Prometheus gave mankind fire. Actually, Prometheus playing a trick on Zeus forced Zeus to withhold fire. “My bad.” said Prometheus and he retrieved fire back for mankind. His reward – bound to a rock sharing his liver as the daily entrée to an eagle. Being immortal, he rebooted a new liver each night. Tightly bound to the rock, “Pro” was forced to endure this daily ritual. Eventually, Hercules freed “Pro” from this drudgery. Sadly, “Pro” now struggles with severe Ornithophobia.
Ancient tales of Greek imagination are seldom inspiration for an “Enterprise 2.0” thought piece. This post originally flickered to life from recent posts here on our Jive community. On March 12th, Fraser Edgar posted an excellent query centering on executive support. Jill Ross, Jennifer Thorimbert, Mamie Peers, Kevin Jones and Debbie Sacks fortified Fraser with useful information. Within Kevin Jones response, he sourced an article from Andrew McAfee – the “Enterprise 2.0” term originator.
The article provided an excellent review on McAfee’s “Enterprise 2.0” concept. Specifically, McAfee discourses useful tactics to deploy discussing “Enterprise 2.0” with the CEO/C suite level. McAfee strongly advocates avoiding the term, “social”. At the C suite level, McAfee sees distinct aversion driven primarily by Facebook and Twitter opinions. Rather than attempting to debate terminology, McAfee highlights 3 “triggers”
- productivity impact from weak knowledge sharing
- the Gen Y workforce expectations
- the concept of “weak ties”.
These 3 triggers can be helpful when discussing social "Enterprise 2.0" concepts with the C suites.
“Weak ties” was quite intriguing for the effect these have on innovation or change. Paradoxically, a greater amount of “weak ties” within a network, creates a greater chance for new thinking or introduction to new ideas/concepts. Seminal research by Mark S. Granovetter, “The Strength of Weak Ties” illustrates this concept. Granovetter defines “tie strength”:
... a (probably linear) combination of the amount of time, the emotional intensity, the intimacy (mutual confiding), and the reciprocal services which characterize the tie. ...
Based on this definition, a “strong tie” is likely a family member, friend or trusted business partner. This can be illustrated by this A, B, C figure. A solid line denotes a “strong” tie. In a collaboration or knowledge setting, A & B likely share knowledge, A & C likely share knowledge, but B & C unlikely share knowledge lacking a tie between the two. Only with the addition of a “weak tie” between B and C will there be a potential knowledge increase. Adding other nodes further illustrates the “weak tie” effect.
In layman’s terms, if A through F were all “strong ties”, there would be little uncommon knowledge. Insulated is my term for this. Granovetter calls it fragmentation. Granovetter’s paper is a dense read, but will likely provide a much better explanation.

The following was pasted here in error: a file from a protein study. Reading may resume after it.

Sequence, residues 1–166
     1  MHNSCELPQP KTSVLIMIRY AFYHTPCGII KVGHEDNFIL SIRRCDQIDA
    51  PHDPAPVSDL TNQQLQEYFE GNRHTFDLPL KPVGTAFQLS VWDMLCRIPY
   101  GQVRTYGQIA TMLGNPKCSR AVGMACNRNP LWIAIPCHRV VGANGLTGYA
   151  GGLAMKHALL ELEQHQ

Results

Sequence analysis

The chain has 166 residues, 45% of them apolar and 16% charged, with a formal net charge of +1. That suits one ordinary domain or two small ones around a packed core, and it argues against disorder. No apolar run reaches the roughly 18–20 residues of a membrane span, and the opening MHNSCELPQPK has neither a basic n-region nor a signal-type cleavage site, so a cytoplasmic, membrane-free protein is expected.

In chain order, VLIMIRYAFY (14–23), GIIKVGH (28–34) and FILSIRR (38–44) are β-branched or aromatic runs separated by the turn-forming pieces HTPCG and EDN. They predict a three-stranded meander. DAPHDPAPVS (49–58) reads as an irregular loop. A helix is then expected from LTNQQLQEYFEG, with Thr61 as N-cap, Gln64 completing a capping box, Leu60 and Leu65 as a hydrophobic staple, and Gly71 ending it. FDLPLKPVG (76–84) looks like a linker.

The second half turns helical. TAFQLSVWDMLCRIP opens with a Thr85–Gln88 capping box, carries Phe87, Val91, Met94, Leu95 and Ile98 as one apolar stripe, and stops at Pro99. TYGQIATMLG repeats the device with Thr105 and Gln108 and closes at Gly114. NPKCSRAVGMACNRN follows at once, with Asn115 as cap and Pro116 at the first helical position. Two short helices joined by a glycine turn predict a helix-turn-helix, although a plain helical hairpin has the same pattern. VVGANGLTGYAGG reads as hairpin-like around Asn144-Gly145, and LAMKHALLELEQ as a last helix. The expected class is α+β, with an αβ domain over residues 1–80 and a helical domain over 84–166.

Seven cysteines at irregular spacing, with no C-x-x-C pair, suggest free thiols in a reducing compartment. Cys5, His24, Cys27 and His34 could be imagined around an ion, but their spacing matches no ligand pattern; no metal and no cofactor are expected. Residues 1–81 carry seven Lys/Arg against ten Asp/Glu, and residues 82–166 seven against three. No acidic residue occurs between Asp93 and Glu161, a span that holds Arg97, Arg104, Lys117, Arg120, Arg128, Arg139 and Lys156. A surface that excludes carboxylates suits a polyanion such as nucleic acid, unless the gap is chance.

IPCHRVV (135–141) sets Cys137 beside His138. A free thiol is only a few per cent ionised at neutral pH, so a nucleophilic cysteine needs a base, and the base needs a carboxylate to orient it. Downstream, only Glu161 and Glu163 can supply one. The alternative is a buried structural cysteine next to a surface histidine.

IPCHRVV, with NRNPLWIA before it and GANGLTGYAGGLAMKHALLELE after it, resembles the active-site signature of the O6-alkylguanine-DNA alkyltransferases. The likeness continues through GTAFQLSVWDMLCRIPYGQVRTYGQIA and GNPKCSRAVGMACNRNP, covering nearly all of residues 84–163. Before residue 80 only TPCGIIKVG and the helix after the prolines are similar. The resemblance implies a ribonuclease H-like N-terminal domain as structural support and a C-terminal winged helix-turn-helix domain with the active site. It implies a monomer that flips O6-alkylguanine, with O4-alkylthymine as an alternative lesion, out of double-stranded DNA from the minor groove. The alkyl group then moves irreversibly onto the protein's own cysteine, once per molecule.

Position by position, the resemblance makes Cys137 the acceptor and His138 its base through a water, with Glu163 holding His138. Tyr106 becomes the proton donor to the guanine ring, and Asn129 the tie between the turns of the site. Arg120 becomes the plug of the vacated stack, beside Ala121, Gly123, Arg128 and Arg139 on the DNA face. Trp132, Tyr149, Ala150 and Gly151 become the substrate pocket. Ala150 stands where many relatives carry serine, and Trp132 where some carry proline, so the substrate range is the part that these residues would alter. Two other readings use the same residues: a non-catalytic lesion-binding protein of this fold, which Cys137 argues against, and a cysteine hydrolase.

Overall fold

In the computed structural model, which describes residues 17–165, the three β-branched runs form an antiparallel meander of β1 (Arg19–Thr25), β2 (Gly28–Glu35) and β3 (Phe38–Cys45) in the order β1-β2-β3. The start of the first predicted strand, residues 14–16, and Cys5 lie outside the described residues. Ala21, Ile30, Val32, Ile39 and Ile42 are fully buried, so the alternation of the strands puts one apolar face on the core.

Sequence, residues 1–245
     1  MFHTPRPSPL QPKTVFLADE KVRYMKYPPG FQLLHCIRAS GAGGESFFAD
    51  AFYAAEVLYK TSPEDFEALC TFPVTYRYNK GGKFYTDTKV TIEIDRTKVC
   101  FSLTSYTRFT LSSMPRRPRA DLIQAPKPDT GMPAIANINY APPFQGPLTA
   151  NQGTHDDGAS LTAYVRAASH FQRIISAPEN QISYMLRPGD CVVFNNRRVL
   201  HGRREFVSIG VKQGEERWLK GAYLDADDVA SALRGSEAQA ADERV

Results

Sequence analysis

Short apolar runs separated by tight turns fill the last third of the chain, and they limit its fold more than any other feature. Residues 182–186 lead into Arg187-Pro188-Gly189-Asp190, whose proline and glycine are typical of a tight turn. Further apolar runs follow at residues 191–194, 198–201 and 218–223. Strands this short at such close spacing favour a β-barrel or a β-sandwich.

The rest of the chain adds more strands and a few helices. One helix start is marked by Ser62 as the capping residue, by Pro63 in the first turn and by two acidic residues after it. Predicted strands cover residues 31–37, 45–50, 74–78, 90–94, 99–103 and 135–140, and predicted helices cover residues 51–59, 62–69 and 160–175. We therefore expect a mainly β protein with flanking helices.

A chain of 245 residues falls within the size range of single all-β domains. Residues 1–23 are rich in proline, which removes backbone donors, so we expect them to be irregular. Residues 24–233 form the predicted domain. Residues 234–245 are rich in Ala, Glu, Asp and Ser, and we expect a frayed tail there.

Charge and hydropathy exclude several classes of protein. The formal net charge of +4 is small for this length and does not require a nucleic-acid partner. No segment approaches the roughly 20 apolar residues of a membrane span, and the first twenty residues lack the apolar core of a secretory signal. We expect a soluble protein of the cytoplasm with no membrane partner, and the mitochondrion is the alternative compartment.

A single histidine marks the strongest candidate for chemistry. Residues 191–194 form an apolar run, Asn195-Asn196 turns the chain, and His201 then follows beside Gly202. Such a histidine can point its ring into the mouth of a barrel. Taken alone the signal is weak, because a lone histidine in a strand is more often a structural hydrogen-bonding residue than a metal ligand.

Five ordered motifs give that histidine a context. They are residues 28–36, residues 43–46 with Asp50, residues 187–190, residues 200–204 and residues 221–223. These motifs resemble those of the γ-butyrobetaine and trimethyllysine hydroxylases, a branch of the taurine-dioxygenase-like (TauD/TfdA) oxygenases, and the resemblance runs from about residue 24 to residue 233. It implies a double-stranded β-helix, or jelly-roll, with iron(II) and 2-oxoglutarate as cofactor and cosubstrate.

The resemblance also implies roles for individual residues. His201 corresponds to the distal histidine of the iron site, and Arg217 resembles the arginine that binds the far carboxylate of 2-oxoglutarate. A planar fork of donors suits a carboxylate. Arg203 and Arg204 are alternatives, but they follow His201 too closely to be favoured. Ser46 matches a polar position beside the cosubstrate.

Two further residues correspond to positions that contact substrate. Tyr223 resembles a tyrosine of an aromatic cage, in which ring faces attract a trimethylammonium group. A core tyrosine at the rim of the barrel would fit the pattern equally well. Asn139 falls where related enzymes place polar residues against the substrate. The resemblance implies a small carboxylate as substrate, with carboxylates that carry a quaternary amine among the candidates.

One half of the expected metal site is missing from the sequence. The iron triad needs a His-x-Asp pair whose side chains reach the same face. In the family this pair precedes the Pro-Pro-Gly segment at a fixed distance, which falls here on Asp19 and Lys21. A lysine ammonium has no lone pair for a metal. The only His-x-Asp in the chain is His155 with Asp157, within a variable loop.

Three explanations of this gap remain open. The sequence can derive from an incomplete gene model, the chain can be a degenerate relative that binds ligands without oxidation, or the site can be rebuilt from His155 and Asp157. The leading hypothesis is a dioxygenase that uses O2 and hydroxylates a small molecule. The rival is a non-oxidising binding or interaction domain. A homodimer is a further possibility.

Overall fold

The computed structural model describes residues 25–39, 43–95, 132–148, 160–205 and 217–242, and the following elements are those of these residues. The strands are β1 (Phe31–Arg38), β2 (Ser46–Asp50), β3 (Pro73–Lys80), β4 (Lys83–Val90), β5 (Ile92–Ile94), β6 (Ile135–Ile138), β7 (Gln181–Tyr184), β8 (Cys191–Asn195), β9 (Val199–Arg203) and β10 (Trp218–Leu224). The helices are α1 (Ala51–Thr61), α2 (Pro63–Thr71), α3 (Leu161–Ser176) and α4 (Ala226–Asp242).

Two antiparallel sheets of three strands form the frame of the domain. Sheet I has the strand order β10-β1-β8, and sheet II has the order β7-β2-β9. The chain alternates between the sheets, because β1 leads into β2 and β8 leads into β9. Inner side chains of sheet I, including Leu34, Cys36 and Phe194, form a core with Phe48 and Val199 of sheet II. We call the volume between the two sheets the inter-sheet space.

A much clearer example is the Jive Forum. This is an excellent example of “weak ties”. Personally, I have two “strong ties” within these forums. All other amazing forum folk would be considered a “loose tie”. Very valuable “loose ties”, but loose nonetheless. Without this looseness, I would have never read the McAfee article, never been exposed to the Granovetter research and never have written this post. From these “loose ties”, I gained insight and knowledge sparking my “creativity”. Loose ties rock!
More importantly, “loose ties” have been greatly enabled by technologies such as Jive. From a corporation standpoint, this is doubly important. An example given by McAfee is a famous quote from a Lew Platt, former HP CEO. “If only HP knew what HP knows, we’d be three times more productive.” Platt knew that information was stranded within each division. The “strong ties” created by organizational politics and practices hampered knowledge sharing. If a Jive enabled “loose tie” collaborative culture featuring advanced search, “what matters” and following was present within HP, I daresay HP would be at least 3x more productive. Maybe, Lew needed to loosen his tie first?
Now that you have been armed with “loose tie” knowledge, this can be used in future C-suite conversations. You can even throw in this little illustrative mashup. Once, there was a game changing company. Their new product instantly won customer favor. In turn, this “fired” rapid growth. Over time, the company failed to recognize external market changes and stagnation set in. Seemingly, they were “chained” in place while competitors “feasted” on their once dominant market share. Despite their best efforts to change, the company culture and insulated business practices ensured a “cycle” of mediocrity.
After that lead in, introduce “loose ties”, Jive and “Enterprise 2.0” into the conversation. With your “Herculean” efforts, you will win the day!